The Mother and Baby Homes Commission has admitted it will be “difficult to establish the facts” surrounding the burials of children who died in all of the homes it is investigating.
The revelation is contained at the end of the Commission’s third interim report and comes as the Government has granted the inquiry a one-year extension to complete its work. The Commission will now publish its final reports in February 2019.
In its latest interim report, the Commission notes that while there are “detailed death records available” in relation to mother and baby homes, there are also “significant gaps” in the information available about the burials of babies who died in a number of the institutions it is examining.
“The Commission is continuing to make inquiries about burials and burial records but it appears that this is an area in which it will be difficult to establish the facts,” states the report.
It also acknowledges that it has spent “considerable time” trying to establish the burial practices at Tuam Mother and Baby Home.
The report states that the collection and analysis of information about entry and exit pathways for mothers and children; living conditions, mortality rates, post-mortem practices, and vaccine trials in the institutions; and practices in relation to placement for fostering and adoption has proven to be “very time consuming”.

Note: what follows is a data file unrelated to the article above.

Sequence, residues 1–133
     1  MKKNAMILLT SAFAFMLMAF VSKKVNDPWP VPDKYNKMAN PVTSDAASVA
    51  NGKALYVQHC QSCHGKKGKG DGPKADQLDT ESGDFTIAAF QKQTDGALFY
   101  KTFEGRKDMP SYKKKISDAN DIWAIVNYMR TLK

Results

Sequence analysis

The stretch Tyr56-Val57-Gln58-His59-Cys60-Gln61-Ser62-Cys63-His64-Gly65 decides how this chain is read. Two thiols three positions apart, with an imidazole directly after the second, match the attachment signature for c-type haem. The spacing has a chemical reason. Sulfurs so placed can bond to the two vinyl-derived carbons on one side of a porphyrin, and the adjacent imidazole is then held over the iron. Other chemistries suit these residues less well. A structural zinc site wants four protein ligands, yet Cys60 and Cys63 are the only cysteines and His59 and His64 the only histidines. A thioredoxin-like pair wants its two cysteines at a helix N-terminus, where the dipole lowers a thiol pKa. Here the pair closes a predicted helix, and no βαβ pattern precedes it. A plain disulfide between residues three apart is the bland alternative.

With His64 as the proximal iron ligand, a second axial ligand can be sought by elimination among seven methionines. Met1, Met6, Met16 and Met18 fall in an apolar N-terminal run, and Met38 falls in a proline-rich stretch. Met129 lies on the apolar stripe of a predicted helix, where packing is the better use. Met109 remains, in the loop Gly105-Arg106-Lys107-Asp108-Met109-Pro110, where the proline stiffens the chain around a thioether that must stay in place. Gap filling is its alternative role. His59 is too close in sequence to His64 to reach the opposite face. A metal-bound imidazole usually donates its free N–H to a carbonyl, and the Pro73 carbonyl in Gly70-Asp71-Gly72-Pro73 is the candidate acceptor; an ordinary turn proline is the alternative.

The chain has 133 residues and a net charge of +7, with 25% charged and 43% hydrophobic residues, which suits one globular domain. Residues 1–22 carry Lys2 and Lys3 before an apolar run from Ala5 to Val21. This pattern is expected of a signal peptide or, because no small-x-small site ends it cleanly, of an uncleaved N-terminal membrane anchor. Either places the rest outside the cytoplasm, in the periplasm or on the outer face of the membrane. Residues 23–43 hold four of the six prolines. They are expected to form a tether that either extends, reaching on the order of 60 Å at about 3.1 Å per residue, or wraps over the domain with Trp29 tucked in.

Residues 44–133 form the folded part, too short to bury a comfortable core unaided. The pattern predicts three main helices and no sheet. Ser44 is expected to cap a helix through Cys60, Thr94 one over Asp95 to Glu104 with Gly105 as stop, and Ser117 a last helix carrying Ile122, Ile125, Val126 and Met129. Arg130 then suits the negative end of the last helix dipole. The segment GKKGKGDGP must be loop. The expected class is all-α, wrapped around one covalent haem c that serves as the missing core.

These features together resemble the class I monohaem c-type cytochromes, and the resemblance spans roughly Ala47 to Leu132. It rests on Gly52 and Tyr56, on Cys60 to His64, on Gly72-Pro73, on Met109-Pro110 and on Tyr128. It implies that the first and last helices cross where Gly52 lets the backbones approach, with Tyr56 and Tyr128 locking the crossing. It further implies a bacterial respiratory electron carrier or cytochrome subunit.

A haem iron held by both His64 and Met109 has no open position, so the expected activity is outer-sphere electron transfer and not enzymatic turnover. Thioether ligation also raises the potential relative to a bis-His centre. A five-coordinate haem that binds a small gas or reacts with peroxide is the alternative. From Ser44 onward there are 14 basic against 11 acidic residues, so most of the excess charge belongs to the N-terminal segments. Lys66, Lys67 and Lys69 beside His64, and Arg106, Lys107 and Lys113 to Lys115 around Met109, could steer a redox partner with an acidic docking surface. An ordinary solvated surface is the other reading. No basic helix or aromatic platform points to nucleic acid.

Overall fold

The commission has already collected a “vast range” of material relating to 11 of the 14 institutions under investigation and is electronically scanning or photocopying the relevant records.
However, the report also reveals there is one institution for which records are “probably not available” and another whose records may be available but are “very difficult to extract from a larger collection of records”.
Orders for discovery have been served on the relevant religious congregations and State authorities. Extensive material has been provided but this process is not yet complete.
However, “significant gaps” exist in the material. The report states that the records of some of the various health authorities are proving “difficult to find” and it is “not clear if they have been lost or destroyed or simply that no one knows where they are”.
Meanwhile, Children’s Minister Katherine Zappone announced her intention to establish a collaborative forum to support former residents in developing solutions to the issues of concern to them. This will run in tandem with the investigation.
Ms Zappone also said that the Government has decided to invite the UN Special Rapporteur on the promotion of truth, reparation, and guarantees of non-recurrence, Pablo deGreiff, to visit Ireland.
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